Great Health Divide | Accumulation of medical debt a growing crisis, experts say

Kentucky’s Appalachian counties have higher shares of people with medical debt in collections, statistics show.
Kentucky’s Appalachian counties have higher shares of people with medical debt in collections, statistics show.
Published: Apr. 21, 2022 at 3:17 PM EDT
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LOUISVILLE, Ky. (WKYT) - Medical debt can be a crushing burden, data shows, for far too many Kentucky families.

Hospital bills can quickly pile up - even to the point of forcing bankruptcy - creating a growing crisis across Kentucky even as non-profit organizations try to help those in debt.

“Every number is a person. Every number is a story,” Josh Miles, mission and family pastor at Westport Road Baptist Church in Louisville, said as he flipped through a spreadsheet showing hundreds of thousands of dollars in medical debt that has been forgiven. “It’s not just individuals. Some of these are families....That’s a wide scope to impact and change people’s lives.”

[Go in-depth | Diagnosed with Debt: Many Americans face financial hardships from crushing unpaid medical bills]

According to the Urban Institute, a non-profit research organization:

  • Overall, 18.1% of people in Kentucky have medical debt in collections, compared to 13.9% nationwide.
  • For people in Kentucky with medical debt in collections, the median amount owed is $520.
  • In Kentucky, 17.4% of people in predominantly white areas have medical debt in collections, but in communities of color that number doubles to 35%.

The share of people with medical debt in collections is also higher in Kentucky’s Appalachian counties. The Urban Institute found:

  • More than a third of people in Carter County (36.79%), Boyd County (34.39%) and Johnson County (33.29%) have medical debt in collections.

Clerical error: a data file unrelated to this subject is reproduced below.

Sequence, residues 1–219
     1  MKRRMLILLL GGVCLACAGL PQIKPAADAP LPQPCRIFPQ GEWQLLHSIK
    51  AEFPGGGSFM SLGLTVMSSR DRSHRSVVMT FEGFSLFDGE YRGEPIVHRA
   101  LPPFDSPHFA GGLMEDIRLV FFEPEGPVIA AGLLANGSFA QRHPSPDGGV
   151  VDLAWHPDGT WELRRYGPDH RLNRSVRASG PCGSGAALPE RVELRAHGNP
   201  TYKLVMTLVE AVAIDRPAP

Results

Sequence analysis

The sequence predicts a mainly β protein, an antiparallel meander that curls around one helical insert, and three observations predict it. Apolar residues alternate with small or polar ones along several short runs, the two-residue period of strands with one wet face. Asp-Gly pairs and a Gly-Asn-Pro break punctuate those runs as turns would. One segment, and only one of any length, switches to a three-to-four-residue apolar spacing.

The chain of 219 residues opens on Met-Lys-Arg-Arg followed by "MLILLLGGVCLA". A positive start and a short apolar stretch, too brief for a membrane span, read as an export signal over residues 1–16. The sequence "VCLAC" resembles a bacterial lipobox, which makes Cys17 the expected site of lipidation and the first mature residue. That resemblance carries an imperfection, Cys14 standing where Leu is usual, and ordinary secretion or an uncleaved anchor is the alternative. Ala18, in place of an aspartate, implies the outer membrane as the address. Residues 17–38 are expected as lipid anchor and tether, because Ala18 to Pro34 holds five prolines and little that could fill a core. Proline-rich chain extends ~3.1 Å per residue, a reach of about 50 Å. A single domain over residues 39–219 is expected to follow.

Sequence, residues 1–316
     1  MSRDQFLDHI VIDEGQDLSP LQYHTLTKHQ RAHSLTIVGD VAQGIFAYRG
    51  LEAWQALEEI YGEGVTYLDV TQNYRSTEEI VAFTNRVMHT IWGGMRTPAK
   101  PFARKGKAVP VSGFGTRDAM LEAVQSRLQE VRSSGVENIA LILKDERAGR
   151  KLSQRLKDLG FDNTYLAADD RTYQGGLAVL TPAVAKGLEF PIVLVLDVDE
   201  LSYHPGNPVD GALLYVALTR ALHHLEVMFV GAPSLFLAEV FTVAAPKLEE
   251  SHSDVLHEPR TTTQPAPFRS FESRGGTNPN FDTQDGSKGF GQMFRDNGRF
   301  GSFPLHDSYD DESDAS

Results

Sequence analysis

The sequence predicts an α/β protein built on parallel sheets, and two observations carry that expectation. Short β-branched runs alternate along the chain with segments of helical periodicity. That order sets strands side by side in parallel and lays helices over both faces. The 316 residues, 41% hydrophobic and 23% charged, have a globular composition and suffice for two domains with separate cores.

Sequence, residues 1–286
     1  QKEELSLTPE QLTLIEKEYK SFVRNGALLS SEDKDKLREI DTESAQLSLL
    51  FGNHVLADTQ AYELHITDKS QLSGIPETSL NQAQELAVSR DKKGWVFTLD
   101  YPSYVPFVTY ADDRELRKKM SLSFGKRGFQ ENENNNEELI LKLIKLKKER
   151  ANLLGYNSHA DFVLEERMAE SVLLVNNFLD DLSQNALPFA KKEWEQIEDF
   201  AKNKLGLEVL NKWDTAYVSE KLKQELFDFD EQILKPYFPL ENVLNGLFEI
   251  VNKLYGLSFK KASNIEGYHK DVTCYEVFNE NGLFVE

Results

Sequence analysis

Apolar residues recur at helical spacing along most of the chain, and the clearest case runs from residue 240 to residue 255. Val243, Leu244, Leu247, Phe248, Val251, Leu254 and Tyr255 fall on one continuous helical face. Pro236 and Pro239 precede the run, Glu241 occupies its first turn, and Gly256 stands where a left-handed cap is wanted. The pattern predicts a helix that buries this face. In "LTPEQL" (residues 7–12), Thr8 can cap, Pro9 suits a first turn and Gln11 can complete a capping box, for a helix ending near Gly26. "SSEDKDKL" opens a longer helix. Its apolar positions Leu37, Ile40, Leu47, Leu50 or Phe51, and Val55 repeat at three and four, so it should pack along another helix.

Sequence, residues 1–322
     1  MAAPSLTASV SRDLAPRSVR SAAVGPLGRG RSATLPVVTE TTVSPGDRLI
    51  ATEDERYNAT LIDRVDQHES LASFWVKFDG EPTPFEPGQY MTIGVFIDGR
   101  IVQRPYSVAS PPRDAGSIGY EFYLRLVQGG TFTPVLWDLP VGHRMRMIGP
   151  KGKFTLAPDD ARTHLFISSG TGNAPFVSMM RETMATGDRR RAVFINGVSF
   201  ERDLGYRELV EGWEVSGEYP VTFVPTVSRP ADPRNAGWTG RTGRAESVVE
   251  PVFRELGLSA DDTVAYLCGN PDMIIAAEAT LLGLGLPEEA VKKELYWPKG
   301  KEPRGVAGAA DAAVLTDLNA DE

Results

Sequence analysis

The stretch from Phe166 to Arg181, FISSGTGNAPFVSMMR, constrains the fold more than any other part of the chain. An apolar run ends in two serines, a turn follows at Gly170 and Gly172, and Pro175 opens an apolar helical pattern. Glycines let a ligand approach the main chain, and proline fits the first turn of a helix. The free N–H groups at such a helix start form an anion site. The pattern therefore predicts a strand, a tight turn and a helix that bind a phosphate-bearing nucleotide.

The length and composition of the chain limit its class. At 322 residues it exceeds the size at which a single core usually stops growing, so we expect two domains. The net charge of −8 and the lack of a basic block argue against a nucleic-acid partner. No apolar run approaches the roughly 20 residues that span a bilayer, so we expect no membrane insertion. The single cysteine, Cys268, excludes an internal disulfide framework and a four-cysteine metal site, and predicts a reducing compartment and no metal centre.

• Of the Kentucky counties with the highest percentages, 13 of 16 are in Appalachia (Carter, Boyd, Johnson, Nicholas, Greenup, Elliott, Magoffin, Lawrence, Morgan, Lewis, Rowan, Menifee and Hart counties) and have shares of more than 25% of people with medical debt in collections.

[Related coverage | Bridging the Great Health Divide]

The congregation of Westport Road Baptist Church donated $15,000 to RIP Medical Debt, a non-profit organization that pays off medical debt for families across the country.

The organization uses donations to buy large bundles of old debt from hospitals and collections agencies, allowing donors to pay off medical debt for pennies on the dollar.

Westport Road Baptist Church’s donation already helped abolish $1.1 million in medical debt owed by 803 people across 97 Kentucky counties and parts of Tennessee, according to their RIP Medical Debt fulfillment report. They will be able to help forgive $600,000 more in debt this year, church leaders said.

“That’s just astounding to say, ‘With something so small, we can be a part of something so big,’” Miles said.

The church learned of the need - not just in their community but across the commonwealth and country - and realized giving to RIP Medical Debt would be a good way to help, Miles said.

He added that he is troubled by findings that medical debt remains a top reason for bankruptcies across the U.S.

“That is not OK,” he said.

[Donate | You can give to RIP Medical Debt here.]

He hopes that others who are able to help will also get involved, too, knowing the burden of medical debt is a heavy cross to bear for many across Kentucky.

“We believe that God has forgiven us, and that we should also forgive the debts of other people in our community,” Miles said. “I think it’s a central part of our own faith, to have the chance to give what we have received in Christ.”

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